TSRI Internship Program Offers "Way Cool" Summer Jobs

By Jennifer O'Sullivan

Do you remember your first summer job? What about your first full-time job? Put those two together and you may be faced with a previously repressed memory. Or, if you are among a lucky few—and many of The Scripps Research Institute's (TSRI) young summer interns may later fall into this category—your first work experiences have a strong connection to what you're doing today.

In the Summer Research Internship Program at TSRI, students, teachers, and undergraduates participate in an eight-week program emphasizing the scientific process, bench experience, data analysis, experimental design, and interaction with laboratory personnel. For the high school students, the experience follows the Spring Semester Enrichment Tutorials at TSRI.

Interns are placed after interviewing with several labs—in itself a valuable experience. For many, like Mt. Miguel High School student Samantha Anderson, this is the first time they've ever been on a job interview.

"I wasn't nervous, though," Samantha tells me, referring to her interview with Associate Professor Cindy Ehlers and members of her Neuropharmacology lab. "They described the work they do and asked me about my family and what I did at school. It was cool."

After completing interviews, the TSRI summer intern class of 2001, consisting of 22 high school students, four teachers, and six undergraduates, began working at TSRI on Monday, June 25 and will continue five days a week, 8:30 AM to 5 PM, for eight weeks. While the schedule is an adjustment for the high schoolers, and certainly stands in stark contrast to friends who are hitting the beach on a daily basis, these are teenagers with curiosity and drive.

Samantha is now working in the Ehlers lab along with fellow intern Loicia Ware under the supervision of Antonio Sweeney, an alumnus of the TSRI High School Summer Internship Program and a fourth-year microbiology student at the University of California, San Diego (UCSD). Tony interned during the summer of 1997 and later took first place in the category of medicine and health at the Greater San Diego Science and Engineering Fair with the project he completed in the Ehlers lab. He has been working there ever since as a research assistant and summer intern supervisor.

"I still feel connected because every summer I meet a new student. My first student is now at the University of California, Los Angeles (UCLA) and my second and third are at UCSD," he tells me.

Tony was recommended for the internship program four years ago by Larry Nordell, who teaches basic chemistry and advanced topics in biology and chemistry at Mt. Miguel High School. Mr. Nordell, as the interns call him, and others like him are a vital part of the program's continued success.

"If it wasn't for Mr. Nordell I wouldn't be here," says Lali Villalobos, who is interning in the lab of Associate Professor Jeffrey Harper in the Department of Cell Biology. Nordell encouraged Lali and other students to take a biotechnology class offered at Mt. Miguel last year, where they gained experience working with pipettes and making media, and also learned about the TSRI program.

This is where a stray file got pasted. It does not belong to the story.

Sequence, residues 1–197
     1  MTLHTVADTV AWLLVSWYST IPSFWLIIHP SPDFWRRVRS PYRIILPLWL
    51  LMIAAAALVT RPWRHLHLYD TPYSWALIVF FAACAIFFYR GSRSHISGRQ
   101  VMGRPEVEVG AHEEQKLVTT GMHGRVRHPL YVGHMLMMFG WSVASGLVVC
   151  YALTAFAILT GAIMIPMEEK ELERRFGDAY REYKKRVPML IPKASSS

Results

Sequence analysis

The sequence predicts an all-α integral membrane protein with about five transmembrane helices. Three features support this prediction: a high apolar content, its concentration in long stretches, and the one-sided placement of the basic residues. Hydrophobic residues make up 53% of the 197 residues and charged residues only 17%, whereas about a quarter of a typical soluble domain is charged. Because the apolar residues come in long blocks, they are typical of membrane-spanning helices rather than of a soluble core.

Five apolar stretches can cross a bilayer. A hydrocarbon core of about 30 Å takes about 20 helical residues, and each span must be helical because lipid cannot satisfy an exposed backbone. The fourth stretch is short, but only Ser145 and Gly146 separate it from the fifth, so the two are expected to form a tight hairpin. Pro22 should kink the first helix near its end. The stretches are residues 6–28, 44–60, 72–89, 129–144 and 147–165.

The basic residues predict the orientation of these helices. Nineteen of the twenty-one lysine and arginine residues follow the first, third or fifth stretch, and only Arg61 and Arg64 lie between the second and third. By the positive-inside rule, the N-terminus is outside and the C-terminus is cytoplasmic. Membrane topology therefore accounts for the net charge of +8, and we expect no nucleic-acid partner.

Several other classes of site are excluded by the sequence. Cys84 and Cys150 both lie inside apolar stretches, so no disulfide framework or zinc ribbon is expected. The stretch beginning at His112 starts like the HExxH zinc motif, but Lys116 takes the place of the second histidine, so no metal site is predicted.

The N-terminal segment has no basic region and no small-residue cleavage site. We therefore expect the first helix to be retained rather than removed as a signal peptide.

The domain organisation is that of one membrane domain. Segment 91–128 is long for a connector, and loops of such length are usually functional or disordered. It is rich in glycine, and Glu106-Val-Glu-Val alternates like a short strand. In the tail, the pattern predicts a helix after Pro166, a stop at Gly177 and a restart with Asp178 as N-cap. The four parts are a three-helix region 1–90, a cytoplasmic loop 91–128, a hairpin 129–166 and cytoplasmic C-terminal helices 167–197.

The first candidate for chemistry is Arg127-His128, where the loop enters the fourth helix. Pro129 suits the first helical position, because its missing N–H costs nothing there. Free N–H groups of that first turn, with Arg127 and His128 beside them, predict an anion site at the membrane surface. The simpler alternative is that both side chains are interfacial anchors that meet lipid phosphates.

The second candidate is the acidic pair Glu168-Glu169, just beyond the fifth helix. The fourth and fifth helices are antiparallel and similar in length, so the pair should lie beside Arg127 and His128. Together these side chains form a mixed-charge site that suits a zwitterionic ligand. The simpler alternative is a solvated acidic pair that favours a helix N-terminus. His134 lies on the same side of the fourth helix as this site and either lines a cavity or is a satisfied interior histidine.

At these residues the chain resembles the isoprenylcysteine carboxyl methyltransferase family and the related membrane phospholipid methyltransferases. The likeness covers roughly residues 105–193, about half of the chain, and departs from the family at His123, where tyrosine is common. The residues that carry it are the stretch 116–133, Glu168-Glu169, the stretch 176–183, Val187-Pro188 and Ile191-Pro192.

Now Lali is tackling all she can in plant biology with Dr. Harper, along with her mentor, Research Technician Shawn Romanowsky.

"We're studying a plant called the Arabidopsis and looking for calcium pump knockouts throughout the DNA," Lali tells me while thumbing through a notebook filled with notes, sketches and photocopied sections of journal papers she has looked up. Lali explains that the "knockouts" are pumps that expire, allowing for the isolation of functioning pumps to determine which are necessary for the plant's survival. "What I've done," she states with pride, "is found some. I found two out of three knockouts."

In addition to their daily work, summer interns also come together for specially designed seminars, lunchtime gatherings, and a field trip to another scientific institution or biotech company. Students are expected to keep a weekly journal, make an oral presentation and submit a written report at the conclusion of the program. Parents, high school science department chairs, and TSRI mentors are invited to attend the presentations and a luncheon on the last day.

I ask Lali if she thinks she'll be on the other end of all this someday, running her own lab and mentoring a student. She says she's not sure yet if she'll major in biochemistry or medicine, but knows her studies will involve science somehow.

"Science is what I will do," she states resolutely, then cracks a sassy smile. "It's my thing."

This is certainly something to smile about, because providing students who play an active role in their own education with the opportunity to find and pursue their "thing" is precisely the goal of TSRI's High School Summer Internship Program.


TSRI graduate students and faculty mingle with new summer interns and parents at a welcome reception held at the TSRI Conference Center. Photo by Jason S. Bardi.



Former TSRI intern Tony Sweeney (center) likes working with Samantha Anderson (right) and Loicia Ware (left) because it keeps him connected to the internship program. Photo by Kevin Fung.



Working at TSRI makes summer interns hungry. Photo by Kevin Fung.